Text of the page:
This recipe for homemade pasta noodles uses only 3 ingredients! Read on to learn my secrets for perfect extruded pasta noodles every time.
Over the Christmas holiday, my family gifted me with a Kitchenaid Pasta Press attachment — the one that makes cute little noodle shapes like fusilli, rigatoni, and elbow macaroni. This is not the pasta machine that makes spaghetti and fettuccini noodles. There are two different pasta attachments for the KitchenAid mixer.
Many people have been as frustrated as I have because the recipe in the booklet doesn't always give you the best results for making the noodles.
Finding the right dough recipe for making homemade pasta noodles can be difficult, but I have you covered.
I have finally found the perfect recipe so today I am going to share my tips and tricks with you!
A Foolproof Recipe for Making Homemade Pasta Noodles
Using my pasta press for the first time was exciting. The recipe in the book was disappointing at best. So, I keep going until I found one that worked.
The dough in the original recipe sticks to the inside and won't come out of the press.
Then I tried another dough, and it wound up being too dry. I had no clue what I was going to do. I was at the point that I was ready to pack up my pasta press and send it back to Amazon where it came from.
Then I came upon another recipe that said you could add extra eggs and olive oil to the dough and it would make all the difference in the world. And you know what? It did!
Last night we successfully made over a pound of pasta dough with this easy and simple recipe. You can use this pasta in my Southern Cream Cheese noodles recipe.
Let me take a moment to explain what extruded pasta is and how it’s different from other pasta. Extruded pasta is made by forcing dry flour and egg dough through a die.
Spaghetti, rotini, fusilli, penne, bucatini, macaroni, and rigatoni are all examples of extruded pasta. Freshly extruded pasta is rare, but most of the dried pasta sold at the grocery store is actually extruded.
Rolled pasta, like spaghetti and fettucini, on the other hand, is made by rolling out a flour-and-egg dough using your pasta roller attachment, into a thin sheet and then cutting the sheet into strips of the desired width.
Examples of rolled pasta include lasagna, linguini, fettuccini, tagliatelle, and pappardelle. When pasta is made at home, it’s usually the rolled type of pasta.
Also, another thing to keep in mind: it can go bad and there are a few ways to notice it's off.
How to Make the Best Pasta Dough for Extruding Pasta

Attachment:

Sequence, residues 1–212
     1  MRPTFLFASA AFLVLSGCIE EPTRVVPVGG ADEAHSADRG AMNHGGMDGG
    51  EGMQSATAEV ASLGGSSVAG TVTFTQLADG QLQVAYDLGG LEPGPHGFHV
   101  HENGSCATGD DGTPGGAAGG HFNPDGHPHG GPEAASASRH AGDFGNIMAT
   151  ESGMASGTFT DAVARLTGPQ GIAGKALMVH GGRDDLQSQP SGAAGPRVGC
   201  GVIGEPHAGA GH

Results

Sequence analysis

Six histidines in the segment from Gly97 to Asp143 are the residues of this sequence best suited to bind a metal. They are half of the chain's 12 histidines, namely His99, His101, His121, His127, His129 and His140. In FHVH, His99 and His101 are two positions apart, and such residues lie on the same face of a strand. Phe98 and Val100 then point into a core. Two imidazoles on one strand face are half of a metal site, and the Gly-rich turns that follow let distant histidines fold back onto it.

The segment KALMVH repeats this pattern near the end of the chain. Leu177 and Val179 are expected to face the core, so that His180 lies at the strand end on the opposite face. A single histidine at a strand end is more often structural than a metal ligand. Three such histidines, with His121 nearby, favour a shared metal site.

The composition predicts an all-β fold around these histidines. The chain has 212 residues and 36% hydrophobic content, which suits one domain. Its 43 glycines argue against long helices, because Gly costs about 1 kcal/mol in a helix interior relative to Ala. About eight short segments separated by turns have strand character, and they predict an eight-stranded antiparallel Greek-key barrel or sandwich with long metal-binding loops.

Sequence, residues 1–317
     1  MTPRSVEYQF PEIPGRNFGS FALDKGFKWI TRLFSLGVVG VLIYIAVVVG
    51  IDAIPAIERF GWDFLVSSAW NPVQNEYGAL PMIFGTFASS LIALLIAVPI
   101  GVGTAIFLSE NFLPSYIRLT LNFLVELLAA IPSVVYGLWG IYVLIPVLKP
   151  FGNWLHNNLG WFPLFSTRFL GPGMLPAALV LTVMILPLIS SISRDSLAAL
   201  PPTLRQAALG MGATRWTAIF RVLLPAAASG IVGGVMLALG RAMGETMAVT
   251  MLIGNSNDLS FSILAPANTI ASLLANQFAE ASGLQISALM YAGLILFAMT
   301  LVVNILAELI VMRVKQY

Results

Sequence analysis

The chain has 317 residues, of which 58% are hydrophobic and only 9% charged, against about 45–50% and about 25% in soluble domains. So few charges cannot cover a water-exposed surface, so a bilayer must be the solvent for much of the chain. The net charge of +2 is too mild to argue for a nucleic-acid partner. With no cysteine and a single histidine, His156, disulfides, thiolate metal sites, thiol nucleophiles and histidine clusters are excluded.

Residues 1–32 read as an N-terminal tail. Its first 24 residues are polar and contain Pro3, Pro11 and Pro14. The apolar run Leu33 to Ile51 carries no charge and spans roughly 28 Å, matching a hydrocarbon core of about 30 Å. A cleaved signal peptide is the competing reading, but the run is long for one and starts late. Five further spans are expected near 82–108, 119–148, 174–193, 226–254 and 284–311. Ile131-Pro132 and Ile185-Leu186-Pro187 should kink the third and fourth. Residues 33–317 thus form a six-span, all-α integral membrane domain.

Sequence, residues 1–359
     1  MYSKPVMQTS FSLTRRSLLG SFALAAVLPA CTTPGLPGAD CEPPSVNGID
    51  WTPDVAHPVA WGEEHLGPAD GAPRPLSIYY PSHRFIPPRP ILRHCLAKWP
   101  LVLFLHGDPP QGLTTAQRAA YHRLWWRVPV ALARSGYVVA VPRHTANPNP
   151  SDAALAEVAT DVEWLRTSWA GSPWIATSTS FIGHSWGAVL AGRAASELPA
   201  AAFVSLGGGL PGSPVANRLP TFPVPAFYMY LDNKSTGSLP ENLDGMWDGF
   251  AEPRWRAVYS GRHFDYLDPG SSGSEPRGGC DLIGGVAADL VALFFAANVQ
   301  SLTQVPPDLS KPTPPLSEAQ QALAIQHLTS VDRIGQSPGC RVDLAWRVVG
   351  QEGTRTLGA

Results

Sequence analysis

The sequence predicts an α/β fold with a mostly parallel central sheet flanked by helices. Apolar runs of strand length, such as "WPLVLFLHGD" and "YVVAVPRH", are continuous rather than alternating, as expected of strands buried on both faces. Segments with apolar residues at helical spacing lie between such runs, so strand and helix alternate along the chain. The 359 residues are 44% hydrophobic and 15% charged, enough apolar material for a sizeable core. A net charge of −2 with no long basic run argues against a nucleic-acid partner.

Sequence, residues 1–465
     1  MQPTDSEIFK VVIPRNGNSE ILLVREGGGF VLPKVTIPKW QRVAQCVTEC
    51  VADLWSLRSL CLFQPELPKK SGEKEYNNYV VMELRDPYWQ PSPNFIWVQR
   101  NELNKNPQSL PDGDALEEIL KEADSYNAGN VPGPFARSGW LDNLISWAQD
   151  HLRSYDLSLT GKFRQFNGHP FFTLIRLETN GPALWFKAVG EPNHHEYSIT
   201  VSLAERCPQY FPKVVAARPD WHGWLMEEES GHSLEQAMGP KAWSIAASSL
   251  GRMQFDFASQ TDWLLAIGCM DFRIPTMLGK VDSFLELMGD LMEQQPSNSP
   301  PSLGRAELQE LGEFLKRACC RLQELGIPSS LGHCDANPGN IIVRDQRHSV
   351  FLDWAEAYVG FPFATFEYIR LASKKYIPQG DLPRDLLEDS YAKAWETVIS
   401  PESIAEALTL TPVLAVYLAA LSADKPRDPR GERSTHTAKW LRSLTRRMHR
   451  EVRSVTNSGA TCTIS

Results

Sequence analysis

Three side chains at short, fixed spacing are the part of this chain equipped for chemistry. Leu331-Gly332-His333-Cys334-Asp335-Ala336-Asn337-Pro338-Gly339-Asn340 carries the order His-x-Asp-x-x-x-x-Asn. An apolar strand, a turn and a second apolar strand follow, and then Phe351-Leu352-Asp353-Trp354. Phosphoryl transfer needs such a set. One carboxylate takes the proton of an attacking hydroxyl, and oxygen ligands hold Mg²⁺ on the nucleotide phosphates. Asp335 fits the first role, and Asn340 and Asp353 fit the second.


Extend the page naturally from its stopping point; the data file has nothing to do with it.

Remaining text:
So — are you wondering what my recipe is? Here's the secret —
You need to use 3 1/2 cups of flour and 5 large eggs to get your dough going. Instead of using water to make it come together, use olive oil! I use all-purpose for this recipe so do not use semolina flour, which is what most people use for pasta recipe.
The olive oil will help the dough stay dry enough to come together and will keep the dough from sticking to the inside of the attachment. This means your noodles will come out perfect and easily every single time.
Now – the amount of olive oil that you use will determine the area where you live. Start with two tablespoons and move on from there. It took me about 3 tablespoons of oil and 1 tablespoon of water to make my dough come together.
It turned out beautiful and cooked up even better!
To get the dough pliable like you want, use a rolling pin to roll it out and then mold it back up. Cover it in plastic wrap and let the dough rest on the counter for a bit.
When you are ready to make the pasta, attach the pasta maker to the KitchenAid Mixer. Fresh homemade pasta is the best.
Start by creating a clean work surface. I use a baking sheet that I sprinkle flour on for the pasta to fall out on.
You will also need a sharp knife just in case you need to cut the pasta, but the machine should do all the work.
Check Out These Other KitchenAid recipes
- How to make homemade butter
- Cinnamon Swirl Bread
- Homemade Cream Cheese Frosting
- Southern Cream Cheese Noodles
- 3 1/2 cups of all-purpose flour
- 5 large eggs
- 2 tbsp olive oil (may need more depending on the dryness of your dough)
- In your Kitchenaid mixer, combine the flour and 5 large eggs and mix. Add in olive oil to make the dough come together just a bit. The dough should be very dry—so dry that it won’t even come together into a single mass.
- Pour the dough out onto the work surface and pinch off walnut-size pieces to feed into the extruder.
- Don't shove it down in there as that will cause a big clog and mess everything up. Larger amounts of dough tend to bind up in the extruder as they reach the auger.
- Using the cutter on your attachment, as the pasta comes out, cut it off and lay it in a single layer on a floured surface to dry.
- Cook the homemade extruded pasta as you would any other pasta, in a large pot of boiling, salted water until al dente. Cooking time will vary depending on how wet the dough was and how long the pasta was dried. Mine took about 4 minutes.
- Finally, disassemble the extruder, remove any large gobs of dough, and let the rest dry overnight before attempting to clean the parts. The dough will flick right off once it’s completely dry.
- Remove using a slotted spoon and add to your sauce
- Toss to coat the pasta and serve
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Serving Size:2 ounces
Amount Per Serving: Calories: 219Total Fat: 6gSaturated Fat: 1gTrans Fat: 0gUnsaturated Fat: 4gCholesterol: 93mgSodium: 36mgCarbohydrates: 34gFiber: 1gSugar: 0gProtein: 8g